How to make sure your prices sound right

How do your prices sound to you? OK? When we read a price on a website, or in a brochure or magazine, your brain turns what it sees into sounds; it’s part of the way we read. You may well be “hearing” some of the words you are reading right now, for instance. New research conducted by American Psychologists shows that the sound we hear of the price we read affects our likelihood of buying something.

Working out the best price takes some care

Working out the best price takes some care

For instance, if something is on sale for £10, but you reduce it in order to grab some additional sales you will get more people buying at £8.66 instead of £8.22. Even though, mathematically, the discount is greater for the £8.22 price, people perceive the £8.66 to be cheaper. Crazy? Perhaps, but it’s all to do with the value we attach to sounds, which is then confusing our brain.

We perceive long vowel sounds as in “twenty two” to be of higher value than short sounds as in “sixty six”. The difference is between the “oo” and  the “i” sounds. There is also some difference between the consonants. “Fricative consonants” such as the “x” in “sixty six” also indicate smallness to our brain and hence the shortness of the vowel sound combined with the special kind of consonant means we mistake the £8.66 as being cheaper than £8.22.

This explains why you see so many prices end in 97, rather than 99. The vowel sounds in 7 are shorter than in 9 – and even though the price difference is marginal at best, we perceive to be much cheaper because of the shorter vowel sounds. The “s” in 7 is also a fricative consonant, adding to the greater perception of cheapness.

What this means is that when you are displaying prices on your website – or in any printed documents – you need to show things which “sound” cheaper than they actually might be. So, if you are discounting, look for lower prices which have short vowel sounds, rather than long ones. Showing you are cutting your price by 6% instead of 9% will be more likely to get additional buyers (in spite of the lower discount).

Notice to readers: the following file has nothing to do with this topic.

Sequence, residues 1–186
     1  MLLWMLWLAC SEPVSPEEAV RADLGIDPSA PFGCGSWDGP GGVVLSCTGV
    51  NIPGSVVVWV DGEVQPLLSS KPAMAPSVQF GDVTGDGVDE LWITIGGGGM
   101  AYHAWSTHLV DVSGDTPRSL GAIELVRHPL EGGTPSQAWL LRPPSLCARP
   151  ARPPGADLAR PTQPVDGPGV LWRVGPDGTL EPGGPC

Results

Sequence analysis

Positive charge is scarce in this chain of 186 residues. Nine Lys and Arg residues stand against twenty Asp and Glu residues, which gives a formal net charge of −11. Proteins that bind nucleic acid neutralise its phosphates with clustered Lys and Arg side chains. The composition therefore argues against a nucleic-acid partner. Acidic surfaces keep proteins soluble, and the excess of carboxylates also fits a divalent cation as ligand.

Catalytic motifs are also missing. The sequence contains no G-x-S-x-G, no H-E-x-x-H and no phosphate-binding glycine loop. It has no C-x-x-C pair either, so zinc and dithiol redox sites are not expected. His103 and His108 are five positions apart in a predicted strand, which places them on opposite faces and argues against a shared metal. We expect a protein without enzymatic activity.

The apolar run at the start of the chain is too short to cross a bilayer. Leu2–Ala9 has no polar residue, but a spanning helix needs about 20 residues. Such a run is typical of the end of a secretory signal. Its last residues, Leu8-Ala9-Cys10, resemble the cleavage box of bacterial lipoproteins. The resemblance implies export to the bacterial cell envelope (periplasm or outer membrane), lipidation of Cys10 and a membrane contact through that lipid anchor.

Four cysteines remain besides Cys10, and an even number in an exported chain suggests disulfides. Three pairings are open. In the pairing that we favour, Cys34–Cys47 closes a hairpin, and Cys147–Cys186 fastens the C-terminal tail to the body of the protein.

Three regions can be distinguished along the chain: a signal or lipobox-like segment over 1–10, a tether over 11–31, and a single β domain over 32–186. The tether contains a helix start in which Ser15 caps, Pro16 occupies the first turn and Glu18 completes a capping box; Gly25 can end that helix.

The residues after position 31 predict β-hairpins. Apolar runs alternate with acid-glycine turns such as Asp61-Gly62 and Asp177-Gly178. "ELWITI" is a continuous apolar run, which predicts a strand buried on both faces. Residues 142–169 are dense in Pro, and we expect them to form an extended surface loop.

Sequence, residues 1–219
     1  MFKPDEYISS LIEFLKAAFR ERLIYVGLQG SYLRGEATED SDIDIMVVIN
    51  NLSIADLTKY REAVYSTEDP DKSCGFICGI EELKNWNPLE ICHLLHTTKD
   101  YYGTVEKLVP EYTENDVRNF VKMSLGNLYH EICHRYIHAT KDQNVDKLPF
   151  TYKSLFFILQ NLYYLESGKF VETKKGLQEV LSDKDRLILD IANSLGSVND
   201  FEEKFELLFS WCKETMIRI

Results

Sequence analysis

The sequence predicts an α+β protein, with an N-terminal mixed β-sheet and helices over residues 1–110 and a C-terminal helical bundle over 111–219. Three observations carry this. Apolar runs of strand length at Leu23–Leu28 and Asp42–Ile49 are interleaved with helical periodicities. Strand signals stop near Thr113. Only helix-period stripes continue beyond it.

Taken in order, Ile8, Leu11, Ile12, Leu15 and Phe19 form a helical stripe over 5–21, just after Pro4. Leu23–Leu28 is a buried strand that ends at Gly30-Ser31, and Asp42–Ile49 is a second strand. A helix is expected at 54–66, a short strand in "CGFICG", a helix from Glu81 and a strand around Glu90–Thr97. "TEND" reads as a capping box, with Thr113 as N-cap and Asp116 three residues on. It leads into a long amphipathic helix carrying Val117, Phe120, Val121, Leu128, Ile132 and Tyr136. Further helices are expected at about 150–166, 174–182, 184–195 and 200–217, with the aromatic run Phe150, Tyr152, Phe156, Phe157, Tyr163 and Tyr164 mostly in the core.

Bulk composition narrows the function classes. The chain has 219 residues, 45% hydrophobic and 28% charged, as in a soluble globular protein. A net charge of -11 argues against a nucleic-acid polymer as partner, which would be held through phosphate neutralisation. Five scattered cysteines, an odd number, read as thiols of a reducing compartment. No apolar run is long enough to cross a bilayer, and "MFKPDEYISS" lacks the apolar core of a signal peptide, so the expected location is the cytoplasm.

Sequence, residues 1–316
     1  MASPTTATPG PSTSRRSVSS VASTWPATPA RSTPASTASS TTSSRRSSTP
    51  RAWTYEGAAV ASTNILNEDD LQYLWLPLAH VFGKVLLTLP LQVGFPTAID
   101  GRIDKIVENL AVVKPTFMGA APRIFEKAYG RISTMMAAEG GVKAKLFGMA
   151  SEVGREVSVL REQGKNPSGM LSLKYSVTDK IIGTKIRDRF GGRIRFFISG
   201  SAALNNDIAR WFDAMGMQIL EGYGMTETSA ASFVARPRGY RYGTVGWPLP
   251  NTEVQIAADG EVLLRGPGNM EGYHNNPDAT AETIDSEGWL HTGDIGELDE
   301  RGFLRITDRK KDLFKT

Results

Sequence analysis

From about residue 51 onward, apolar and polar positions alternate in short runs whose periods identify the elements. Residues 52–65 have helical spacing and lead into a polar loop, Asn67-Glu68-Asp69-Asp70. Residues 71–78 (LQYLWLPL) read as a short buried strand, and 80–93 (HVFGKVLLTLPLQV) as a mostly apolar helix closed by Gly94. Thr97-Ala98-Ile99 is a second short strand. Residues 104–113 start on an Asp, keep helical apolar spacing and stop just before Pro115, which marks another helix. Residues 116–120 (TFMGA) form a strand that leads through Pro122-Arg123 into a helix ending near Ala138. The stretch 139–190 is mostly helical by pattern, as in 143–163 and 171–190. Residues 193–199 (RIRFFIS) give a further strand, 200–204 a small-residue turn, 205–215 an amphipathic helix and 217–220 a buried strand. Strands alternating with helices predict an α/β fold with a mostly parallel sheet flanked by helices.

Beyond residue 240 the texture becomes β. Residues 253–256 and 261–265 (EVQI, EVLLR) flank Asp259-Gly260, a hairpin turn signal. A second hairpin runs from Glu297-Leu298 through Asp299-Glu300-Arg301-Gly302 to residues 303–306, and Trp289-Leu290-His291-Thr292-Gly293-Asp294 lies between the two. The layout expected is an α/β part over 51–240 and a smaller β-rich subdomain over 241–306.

Paying careful attention to the sound of your prices may well bring in additional sales, compared with just showing a lower price.

Like this article?

Share on twitter
Share on Twitter
Share on linkedin
Share on Linkdin
Share on facebook
Share on Facebook
Share on email
Share via email

Other posts that might be of interest

Internet Psychology

Is your brain back to front?

British businesses will spend this weekend on tenterhooks as they wait for Monday’s announcement from the Government about the ending of lockdowns. For the past couple of weeks, the mutterings from 10 Downing Street suggest

Read More »
Internet Psychology

Can you do boring tasks?

Last week, not far from the M25 in Buckinghamshire, the biggest-ever boring machine in the UK started its slow churn through the Chiltern hills to dig a tunnel for the HS2 rail system. It will

Read More »
Fence painting
Online Business

When did you last paint your garden fence?

If you are a “big change” business, then you are like my garden fence. Leaving it unpainted for so long has created much more work, at a higher cost, than if it had been tended to every year. Ignoring reviews of your online activity for long periods also means you make more work for yourself and raise your costs.

Read More »